In Garbology: Our Dirty Love Affair with Trash, Pulitzer Prize-winning author Edward Humes unearths a slew of startling facts about trash in the United States, including this one: The average American is on track to waste 102 tons of trash during his or her lifetime. That’s 7.1 lbs. of trash per person every day, nearly double the waste generated by the average American in 1960, and 50 percent more than Western countries with similar standards of living, including Denmark and Germany.
Yet despite our mountains of trash, America is “in an official state of garbage denial,” Humes writes in Garbology. Statistics released annually by the Environmental Protection Agency (EPA), he reports, “scandalously” underestimate the volume of municipal waste by relying on simulations and equations rather than measuring the actual trash. (The problems with measuring waste extend to the meetings industry as well. See “A Phantom Fact,” p. 90.(LINK)) Trash is a serious concern, our biggest export, the strongest drain on our economy, and one of the leading sources of greenhouse gases, Humes told Convene in a recent phone interview. The list of negative effects of the U.S. addiction to trash is “mind-boggling,” he said. “Yet it is invisible to most of us.”
Here is more from Convene’s conversation with Humes about the scope of the problem and what individuals, organizations, and communities are doing about it.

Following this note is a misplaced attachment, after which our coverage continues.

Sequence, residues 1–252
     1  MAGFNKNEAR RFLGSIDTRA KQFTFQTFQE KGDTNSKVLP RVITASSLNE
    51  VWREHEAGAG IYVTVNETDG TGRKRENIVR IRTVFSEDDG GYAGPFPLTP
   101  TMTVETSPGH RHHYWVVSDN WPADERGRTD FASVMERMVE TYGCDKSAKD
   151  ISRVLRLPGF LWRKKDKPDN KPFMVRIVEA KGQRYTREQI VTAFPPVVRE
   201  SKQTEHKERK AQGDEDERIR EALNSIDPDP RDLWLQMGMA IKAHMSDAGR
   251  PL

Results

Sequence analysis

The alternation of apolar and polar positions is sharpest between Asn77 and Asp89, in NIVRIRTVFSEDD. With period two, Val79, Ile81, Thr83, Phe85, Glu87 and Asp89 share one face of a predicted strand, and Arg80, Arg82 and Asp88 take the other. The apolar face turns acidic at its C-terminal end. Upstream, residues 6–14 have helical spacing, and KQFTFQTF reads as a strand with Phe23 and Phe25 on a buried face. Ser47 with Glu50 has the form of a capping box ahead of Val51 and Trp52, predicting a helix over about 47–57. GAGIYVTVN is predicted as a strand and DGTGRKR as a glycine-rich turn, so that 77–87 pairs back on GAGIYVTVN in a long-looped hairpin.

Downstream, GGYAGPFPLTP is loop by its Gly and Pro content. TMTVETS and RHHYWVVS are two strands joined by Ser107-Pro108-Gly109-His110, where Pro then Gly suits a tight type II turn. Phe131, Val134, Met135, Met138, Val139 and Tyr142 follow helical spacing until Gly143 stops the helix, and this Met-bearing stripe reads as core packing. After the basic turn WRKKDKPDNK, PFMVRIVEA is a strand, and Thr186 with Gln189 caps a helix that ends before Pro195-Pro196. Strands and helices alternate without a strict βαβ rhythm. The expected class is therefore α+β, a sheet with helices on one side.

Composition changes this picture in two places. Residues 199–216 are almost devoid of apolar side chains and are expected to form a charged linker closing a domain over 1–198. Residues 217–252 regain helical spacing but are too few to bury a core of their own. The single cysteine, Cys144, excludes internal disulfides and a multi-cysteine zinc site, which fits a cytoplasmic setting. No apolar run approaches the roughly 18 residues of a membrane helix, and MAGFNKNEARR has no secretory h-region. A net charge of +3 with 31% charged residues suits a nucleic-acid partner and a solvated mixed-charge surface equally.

I’m curious about how you came to be interested in the topic of garbage.
[Laughs.] Yes. Well, it really started with two of my previous books, Eco Barons and Force of Nature. The first one was about environmental visionaries and philanthropists, activists – people who are pushing the envelope on all matters green, … people who have had a big impact and maybe suggest a direction for the rest of us. The second one was more about business sustainability. It revolves around the story of a river guide who became a sustainability consultant. His first client was Walmart. He was the architect of their efforts to include sustainability in their business.
With that background, the thing that kept coming up throughout all this work was that the big, underlying challenge and problem to a lot of our climate and environmental and resource concerns revolved around waste of all kinds, but particularly the profligate way we do business, live, expend energy, and use, and misuse, our materials.